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 ====Train Trouble.==== ====Train Trouble.====
  
-Jenny and Stan Madden looked like stealing a march on Bill Rodgers'​ Easter party by joining the 5.47 train west - but it baulked at Pehrith ​and was side-tracked to allow the train carrying the official party to storm through. Nothing daunted, Jenny and Stan walked out to Black Jerry'​s.+Jenny and Stan Madden looked like stealing a march on Bill Rodgers'​ Easter party by joining the 5.47 train west - but it baulked at Penrith ​and was side-tracked to allow the train carrying the official party to storm through. Nothing daunted, Jenny and Stan walked out to Black Jerry'​s.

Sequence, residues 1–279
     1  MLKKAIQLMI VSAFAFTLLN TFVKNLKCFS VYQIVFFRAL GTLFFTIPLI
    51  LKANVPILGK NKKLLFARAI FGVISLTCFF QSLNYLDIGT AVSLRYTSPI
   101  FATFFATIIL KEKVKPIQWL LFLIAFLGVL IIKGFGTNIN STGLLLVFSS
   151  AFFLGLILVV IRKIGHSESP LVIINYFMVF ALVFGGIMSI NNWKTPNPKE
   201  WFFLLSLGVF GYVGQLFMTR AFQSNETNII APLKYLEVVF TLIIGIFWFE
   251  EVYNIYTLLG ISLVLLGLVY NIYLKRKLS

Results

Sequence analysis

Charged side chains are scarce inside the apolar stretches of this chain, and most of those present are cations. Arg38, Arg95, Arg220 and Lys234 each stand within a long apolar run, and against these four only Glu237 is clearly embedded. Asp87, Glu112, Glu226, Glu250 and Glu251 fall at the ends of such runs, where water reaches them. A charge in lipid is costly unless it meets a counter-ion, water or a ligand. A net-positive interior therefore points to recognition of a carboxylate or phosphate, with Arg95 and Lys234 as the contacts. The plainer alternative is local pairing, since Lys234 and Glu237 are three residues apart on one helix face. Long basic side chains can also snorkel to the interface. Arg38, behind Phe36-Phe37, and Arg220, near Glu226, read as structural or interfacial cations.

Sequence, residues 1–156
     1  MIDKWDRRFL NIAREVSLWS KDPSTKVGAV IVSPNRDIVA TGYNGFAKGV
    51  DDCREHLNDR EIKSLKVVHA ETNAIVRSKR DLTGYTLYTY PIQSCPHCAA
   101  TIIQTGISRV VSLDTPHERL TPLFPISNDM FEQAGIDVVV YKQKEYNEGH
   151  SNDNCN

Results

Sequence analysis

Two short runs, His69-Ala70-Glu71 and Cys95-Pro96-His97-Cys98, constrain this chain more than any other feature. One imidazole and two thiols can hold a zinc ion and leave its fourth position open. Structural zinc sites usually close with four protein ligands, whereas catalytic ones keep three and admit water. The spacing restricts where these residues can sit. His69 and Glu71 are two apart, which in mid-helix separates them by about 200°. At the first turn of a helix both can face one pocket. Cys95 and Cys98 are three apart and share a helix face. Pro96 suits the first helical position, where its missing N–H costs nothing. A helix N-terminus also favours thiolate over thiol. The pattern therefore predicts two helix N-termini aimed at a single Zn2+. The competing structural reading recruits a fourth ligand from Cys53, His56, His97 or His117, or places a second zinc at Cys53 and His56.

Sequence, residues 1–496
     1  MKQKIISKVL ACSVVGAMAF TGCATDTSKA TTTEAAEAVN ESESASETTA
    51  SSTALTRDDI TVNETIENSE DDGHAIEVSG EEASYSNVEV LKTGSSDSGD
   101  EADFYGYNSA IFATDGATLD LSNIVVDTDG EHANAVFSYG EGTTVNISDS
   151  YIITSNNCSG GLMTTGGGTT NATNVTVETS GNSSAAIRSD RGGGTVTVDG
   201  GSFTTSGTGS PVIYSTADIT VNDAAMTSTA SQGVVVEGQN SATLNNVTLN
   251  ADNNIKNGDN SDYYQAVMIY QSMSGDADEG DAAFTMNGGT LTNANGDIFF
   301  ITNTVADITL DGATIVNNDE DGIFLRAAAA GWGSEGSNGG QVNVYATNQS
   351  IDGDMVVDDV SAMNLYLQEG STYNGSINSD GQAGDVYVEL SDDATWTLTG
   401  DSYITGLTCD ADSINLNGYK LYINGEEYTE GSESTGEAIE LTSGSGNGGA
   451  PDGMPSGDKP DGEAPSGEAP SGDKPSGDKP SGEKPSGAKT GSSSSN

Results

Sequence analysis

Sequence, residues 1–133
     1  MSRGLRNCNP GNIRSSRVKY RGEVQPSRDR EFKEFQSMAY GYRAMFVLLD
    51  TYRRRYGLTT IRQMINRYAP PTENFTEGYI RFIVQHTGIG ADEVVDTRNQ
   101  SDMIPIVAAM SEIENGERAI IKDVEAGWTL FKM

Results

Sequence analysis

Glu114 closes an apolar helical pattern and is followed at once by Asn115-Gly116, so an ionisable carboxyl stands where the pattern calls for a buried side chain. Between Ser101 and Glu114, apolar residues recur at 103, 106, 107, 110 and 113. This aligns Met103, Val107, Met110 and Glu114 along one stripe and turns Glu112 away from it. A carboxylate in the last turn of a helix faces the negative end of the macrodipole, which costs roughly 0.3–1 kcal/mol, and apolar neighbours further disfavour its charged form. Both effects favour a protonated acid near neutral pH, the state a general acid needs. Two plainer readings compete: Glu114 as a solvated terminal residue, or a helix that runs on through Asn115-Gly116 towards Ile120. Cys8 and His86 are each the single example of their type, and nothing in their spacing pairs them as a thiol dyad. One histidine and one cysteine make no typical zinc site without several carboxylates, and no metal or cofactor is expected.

Similarly, the Shoalhaven party had train trouble, using a total of eight trains and two cars to get to and from Tallong. The official party on the 5.10 was delayed by a bad case of "hot box" and a weary engine, and were finally trans-trained at Moss Vale to a following service. Frank Rigby came in solitary splendour on the 9.18 ex Central which finally steamed out at 11.10 p.m. On the return trip, the three somnambulists of the party "came home with the milk in the morning"​ - on the 1.17 a.m. from Tallong on Tuesday - very satisfactory for the one who expressed a wish to catch an early train. Similarly, the Shoalhaven party had train trouble, using a total of eight trains and two cars to get to and from Tallong. The official party on the 5.10 was delayed by a bad case of "hot box" and a weary engine, and were finally trans-trained at Moss Vale to a following service. Frank Rigby came in solitary splendour on the 9.18 ex Central which finally steamed out at 11.10 p.m. On the return trip, the three somnambulists of the party "came home with the milk in the morning"​ - on the 1.17 a.m. from Tallong on Tuesday - very satisfactory for the one who expressed a wish to catch an early train.